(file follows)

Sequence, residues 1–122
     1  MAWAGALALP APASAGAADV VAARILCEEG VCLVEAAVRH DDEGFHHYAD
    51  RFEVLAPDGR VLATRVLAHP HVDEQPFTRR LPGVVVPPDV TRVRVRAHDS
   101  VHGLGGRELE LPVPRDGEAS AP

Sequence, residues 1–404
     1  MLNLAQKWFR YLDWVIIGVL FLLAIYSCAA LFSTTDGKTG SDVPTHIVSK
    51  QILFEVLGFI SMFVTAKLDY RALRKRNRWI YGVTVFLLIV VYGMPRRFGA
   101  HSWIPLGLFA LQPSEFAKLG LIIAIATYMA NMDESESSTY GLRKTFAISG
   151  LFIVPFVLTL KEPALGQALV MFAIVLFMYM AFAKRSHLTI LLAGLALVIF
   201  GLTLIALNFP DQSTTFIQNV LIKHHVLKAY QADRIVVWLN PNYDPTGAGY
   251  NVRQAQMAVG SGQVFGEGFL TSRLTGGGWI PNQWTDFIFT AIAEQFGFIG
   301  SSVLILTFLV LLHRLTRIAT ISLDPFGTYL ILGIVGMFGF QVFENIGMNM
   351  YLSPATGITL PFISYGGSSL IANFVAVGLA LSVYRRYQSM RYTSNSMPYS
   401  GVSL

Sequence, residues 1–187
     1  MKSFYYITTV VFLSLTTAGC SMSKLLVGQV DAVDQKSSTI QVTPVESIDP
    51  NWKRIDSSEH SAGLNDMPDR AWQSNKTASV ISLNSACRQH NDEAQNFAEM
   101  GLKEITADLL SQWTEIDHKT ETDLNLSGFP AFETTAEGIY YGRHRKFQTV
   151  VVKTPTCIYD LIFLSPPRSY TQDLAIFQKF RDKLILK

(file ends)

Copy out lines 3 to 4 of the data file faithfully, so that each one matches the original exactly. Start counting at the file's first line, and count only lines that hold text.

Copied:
    51  RFEVLAPDGR VLATRVLAHP HVDEQPFTRR LPGVVVPPDV TRVRVRAHDS
   101  VHGLGGRELE LPVPRDGEAS AP